This time last year was D17, a day when OWS tried to establish a new occupation at Duarte Square, land owned by Trinity Wall Street Church. The effort failed and Mark Adams spent 30 days in Rikers Island on exaggerated criminal charges resulting from the plan to cut back the fence that the church had put up. It seems so much more than a year.
Morgan Jenness has produced this rather wonderful artwork to commemorate the anniversary.
The vision here blends Delacroix’s 1832 classic painting Liberty Leading The People with the New York skyline and the Duarte fence. Ironically, the painting itself was also recently evicted out of Paris and sent to the Louvre’s outpost museum in Lens.
Lens is a depressed former industrial city in Northern France. One Parisian I asked why they had sent Liberty up there replied dryly: “Now everyone’s unemployed, they thought it was time for them to get some culture.”
Back in New York, the remembrance of a year ago brings back how absolutely vital it then seemed to continue the occupations as encampments. I don’t mean to disparage–the encampments were so amazing and nothing that has happened since would have happened without the experiences we had there and what was learned. A year on, and that self-fashioning into a community of mutual aid has blossomed in ways that we could not possibly have anticipated back then.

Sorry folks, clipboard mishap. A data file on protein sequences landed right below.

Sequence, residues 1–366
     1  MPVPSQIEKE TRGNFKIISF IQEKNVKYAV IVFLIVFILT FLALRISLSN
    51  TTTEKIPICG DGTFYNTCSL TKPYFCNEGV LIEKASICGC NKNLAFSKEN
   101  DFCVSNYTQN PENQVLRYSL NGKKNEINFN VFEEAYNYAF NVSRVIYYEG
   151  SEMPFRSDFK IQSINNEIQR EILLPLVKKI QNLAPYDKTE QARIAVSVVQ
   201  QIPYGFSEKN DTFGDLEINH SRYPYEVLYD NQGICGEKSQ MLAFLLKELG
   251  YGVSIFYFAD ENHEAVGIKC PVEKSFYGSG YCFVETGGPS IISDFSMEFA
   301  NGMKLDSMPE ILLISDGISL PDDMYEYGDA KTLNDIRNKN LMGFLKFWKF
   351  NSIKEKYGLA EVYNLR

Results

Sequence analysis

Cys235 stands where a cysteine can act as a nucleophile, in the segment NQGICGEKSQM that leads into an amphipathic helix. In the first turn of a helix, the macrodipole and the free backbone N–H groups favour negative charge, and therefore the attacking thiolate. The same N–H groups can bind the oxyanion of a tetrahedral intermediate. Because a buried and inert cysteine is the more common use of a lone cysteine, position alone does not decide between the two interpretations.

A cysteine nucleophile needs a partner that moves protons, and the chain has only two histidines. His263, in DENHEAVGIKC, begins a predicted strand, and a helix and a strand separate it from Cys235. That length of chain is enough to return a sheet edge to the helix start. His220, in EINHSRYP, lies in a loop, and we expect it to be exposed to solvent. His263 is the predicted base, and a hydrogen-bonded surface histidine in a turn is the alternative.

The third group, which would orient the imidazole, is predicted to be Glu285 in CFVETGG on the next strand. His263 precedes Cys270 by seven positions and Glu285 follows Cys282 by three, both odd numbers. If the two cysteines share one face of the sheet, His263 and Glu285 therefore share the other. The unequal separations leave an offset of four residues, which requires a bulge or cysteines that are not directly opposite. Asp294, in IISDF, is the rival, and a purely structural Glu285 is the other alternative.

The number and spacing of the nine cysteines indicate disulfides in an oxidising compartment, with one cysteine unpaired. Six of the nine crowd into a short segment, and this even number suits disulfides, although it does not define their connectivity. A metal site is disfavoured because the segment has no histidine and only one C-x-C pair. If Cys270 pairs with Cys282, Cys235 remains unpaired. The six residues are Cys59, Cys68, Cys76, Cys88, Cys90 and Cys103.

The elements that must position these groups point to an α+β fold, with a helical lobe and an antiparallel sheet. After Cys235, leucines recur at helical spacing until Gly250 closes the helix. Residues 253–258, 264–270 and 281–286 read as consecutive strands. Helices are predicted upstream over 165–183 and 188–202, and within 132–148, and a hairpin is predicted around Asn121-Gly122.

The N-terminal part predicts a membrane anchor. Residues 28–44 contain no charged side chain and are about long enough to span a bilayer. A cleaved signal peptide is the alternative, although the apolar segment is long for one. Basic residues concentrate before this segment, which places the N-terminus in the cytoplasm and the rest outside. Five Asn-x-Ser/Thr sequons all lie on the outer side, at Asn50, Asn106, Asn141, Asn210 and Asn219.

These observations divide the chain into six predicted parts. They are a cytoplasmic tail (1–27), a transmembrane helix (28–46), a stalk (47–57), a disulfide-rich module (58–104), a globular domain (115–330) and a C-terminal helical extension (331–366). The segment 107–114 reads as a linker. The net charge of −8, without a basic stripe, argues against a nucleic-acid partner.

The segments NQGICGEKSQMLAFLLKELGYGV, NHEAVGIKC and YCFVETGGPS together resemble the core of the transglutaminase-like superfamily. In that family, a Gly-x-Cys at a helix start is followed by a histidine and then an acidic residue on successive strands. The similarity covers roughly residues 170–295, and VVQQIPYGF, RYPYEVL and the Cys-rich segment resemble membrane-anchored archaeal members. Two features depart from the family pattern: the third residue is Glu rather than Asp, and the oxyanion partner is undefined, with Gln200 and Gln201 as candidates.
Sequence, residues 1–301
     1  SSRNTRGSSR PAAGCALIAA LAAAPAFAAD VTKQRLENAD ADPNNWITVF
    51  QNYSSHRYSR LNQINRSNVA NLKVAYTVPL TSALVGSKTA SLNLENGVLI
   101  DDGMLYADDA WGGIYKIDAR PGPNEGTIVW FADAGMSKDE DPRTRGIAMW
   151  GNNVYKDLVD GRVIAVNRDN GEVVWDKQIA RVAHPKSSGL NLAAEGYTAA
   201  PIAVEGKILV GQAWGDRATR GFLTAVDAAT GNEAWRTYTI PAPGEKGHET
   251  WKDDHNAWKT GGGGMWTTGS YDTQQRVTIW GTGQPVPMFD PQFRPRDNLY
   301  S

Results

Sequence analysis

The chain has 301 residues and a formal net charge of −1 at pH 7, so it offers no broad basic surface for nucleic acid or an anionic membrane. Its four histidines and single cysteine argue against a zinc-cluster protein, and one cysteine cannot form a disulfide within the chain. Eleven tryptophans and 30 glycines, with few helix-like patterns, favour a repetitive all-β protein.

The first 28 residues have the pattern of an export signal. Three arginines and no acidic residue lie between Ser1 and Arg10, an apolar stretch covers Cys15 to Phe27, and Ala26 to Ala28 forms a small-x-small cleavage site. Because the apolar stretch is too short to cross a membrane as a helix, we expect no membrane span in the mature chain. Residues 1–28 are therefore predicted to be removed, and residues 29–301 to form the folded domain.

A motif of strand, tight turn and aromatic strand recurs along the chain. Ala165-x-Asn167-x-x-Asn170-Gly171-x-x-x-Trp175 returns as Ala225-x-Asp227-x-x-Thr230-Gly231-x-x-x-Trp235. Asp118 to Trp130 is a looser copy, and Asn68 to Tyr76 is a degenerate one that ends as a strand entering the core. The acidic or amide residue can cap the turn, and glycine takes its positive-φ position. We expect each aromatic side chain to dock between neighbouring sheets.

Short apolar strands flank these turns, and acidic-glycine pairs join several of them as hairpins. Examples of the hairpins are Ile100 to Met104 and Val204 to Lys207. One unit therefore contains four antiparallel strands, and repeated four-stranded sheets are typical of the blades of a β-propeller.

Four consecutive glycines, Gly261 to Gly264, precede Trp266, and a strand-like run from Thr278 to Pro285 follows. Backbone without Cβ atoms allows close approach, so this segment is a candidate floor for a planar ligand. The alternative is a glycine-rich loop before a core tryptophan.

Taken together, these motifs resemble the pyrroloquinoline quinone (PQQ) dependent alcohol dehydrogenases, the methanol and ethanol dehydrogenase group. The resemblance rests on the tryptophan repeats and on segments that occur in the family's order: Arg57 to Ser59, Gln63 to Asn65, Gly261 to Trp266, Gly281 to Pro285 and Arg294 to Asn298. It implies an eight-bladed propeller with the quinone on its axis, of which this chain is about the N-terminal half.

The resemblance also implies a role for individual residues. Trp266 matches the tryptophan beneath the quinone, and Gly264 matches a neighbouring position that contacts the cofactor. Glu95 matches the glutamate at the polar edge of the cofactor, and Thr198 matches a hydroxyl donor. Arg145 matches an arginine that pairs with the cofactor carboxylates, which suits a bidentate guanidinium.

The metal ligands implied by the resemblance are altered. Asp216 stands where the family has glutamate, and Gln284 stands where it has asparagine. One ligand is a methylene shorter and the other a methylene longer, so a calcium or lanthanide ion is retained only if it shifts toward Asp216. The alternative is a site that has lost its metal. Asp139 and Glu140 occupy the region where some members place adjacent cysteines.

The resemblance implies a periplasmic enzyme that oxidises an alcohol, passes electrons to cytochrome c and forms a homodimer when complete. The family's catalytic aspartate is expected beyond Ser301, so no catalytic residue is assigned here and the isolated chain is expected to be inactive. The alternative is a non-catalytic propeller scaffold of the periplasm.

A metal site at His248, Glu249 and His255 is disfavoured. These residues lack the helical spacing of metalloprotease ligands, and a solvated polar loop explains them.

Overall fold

That’s why events like the Winter Jubilee are so important as a way for us all to check back in with our own “beloved community” from time to time. People are working with Occupy Sandy, in militant research, in the Rolling Jubilee and other projects and we don’t necessarily connect with each other. Of course, that was the beauty of the park, that the other working groups were just there. But if you’re building a movement, then or now, there comes a point where you can’t all fit into one square all the time.
As we put what we have learned into practice, it is borne in on us every day that the one per cent is still determined to foist the crisis onto us, to use every violence at their disposal to make sure that it remains that way, even to the point of trying to block relief aid for the victims of Hurricane Sandy, let alone banning the murderous weapons that kill people each and every day.
We’re still climbing fences. They’re just a little higher now.